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Ever since it was created in 1947, the CIA has been anxious about people wanting to tell its stories. Indeed, its effectiveness as an intelligence service hinges to a large degree on its ability to protect sensitive information. As an oft-quoted CIA proverb neatly sums up: ‘The secret of our success is the secret of our success.’

The disclosure of sources and methods, information that has the potential to endanger lives and put the success of its operations at risk has always been regarded, understandably, as something to be avoided at all costs.

How, then, is the CIA to acclimatise when this cherished rule is increasingly bypassed, with the memoirs of ex-CIA officers regularly reaching bestseller lists and being adapted for Hollywood?

Using interviews, private correspondence and declassified files, award-winning author Christopher Moran examines how the CIA treads (and, some might say, oversteps) the fine line between justifiable censorship on the grounds of security, and petty, overbearing redaction for the sake of reputation. From stealing draft manuscripts to authorising its own programme of ‘memoirs’, Company Confessions details how the CIA grapples with the notion of secrecy when faced with the demands of an open and democratic America.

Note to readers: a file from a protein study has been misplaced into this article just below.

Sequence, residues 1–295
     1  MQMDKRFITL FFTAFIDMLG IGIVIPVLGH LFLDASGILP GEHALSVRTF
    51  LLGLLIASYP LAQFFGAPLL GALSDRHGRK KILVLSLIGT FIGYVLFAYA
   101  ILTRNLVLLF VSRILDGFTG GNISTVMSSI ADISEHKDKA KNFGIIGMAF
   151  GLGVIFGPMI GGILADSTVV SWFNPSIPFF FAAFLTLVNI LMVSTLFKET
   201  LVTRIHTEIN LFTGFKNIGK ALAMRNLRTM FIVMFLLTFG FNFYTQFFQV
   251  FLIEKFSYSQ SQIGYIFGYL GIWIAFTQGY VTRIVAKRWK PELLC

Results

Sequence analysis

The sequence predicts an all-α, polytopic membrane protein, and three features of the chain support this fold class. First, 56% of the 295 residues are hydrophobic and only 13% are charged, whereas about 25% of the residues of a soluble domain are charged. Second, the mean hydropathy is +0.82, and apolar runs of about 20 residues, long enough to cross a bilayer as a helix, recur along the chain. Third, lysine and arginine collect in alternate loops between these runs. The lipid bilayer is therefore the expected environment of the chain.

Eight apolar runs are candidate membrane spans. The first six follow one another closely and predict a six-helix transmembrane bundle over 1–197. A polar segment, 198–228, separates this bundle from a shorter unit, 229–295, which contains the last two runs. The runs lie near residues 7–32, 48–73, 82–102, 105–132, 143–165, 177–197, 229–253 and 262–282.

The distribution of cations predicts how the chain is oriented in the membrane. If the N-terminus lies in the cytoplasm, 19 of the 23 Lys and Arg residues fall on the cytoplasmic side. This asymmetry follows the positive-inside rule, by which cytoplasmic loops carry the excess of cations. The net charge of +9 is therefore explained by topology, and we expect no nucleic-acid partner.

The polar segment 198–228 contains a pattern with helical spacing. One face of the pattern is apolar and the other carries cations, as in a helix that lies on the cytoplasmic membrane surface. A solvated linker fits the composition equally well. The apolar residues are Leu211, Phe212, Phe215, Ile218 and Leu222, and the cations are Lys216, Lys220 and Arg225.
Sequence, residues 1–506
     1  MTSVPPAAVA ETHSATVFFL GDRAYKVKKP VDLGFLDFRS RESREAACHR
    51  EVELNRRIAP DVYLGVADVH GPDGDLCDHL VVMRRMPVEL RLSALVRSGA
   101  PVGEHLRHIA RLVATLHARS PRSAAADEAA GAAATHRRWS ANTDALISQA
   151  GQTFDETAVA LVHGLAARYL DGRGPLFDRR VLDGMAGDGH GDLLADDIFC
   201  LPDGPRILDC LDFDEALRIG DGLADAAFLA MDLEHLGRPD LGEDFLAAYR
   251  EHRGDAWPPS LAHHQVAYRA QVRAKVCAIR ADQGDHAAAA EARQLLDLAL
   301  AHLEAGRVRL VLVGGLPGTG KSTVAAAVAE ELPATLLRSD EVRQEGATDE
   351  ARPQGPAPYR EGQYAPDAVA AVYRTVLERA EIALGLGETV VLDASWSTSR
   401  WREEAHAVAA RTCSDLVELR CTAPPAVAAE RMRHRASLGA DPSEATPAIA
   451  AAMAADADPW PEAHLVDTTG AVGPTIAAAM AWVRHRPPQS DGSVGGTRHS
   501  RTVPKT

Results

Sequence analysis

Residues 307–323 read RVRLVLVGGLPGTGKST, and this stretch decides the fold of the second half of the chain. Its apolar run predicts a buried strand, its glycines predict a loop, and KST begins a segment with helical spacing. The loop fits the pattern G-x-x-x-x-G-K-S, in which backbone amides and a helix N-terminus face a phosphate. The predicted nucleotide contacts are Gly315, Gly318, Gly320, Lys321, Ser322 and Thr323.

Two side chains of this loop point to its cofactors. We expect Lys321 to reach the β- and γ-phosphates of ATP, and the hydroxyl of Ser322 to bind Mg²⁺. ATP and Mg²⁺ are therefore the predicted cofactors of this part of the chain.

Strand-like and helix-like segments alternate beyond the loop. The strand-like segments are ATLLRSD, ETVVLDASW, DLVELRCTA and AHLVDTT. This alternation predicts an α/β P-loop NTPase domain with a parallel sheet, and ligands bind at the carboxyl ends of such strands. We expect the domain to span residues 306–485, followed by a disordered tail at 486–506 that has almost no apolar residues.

Reviews

'Despite frequent official disapproval, CIA staff have written more memoirs than members of any other secret intelligence agency in world history. Christopher Moran's brilliant account of their revelations and tribulations is both readable and revealing.'

Christopher Andrew

'Moran interweaves colorful personalities, conflicting politics and inconsistent practices in narratives of what the US government has and has not permitted CIA authors to publish about their secret profession. A fascinating, readable work that explores America’s never-ending efforts to balance necessary government secrecy with the public’s right to know.'

Robert Wallace, co-author of Spycraft and The Official CIA Manual of Trickery and Deception

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  • Hardback, 368 pages
  • ISBN: 9781849548878
  • 22 October 2015
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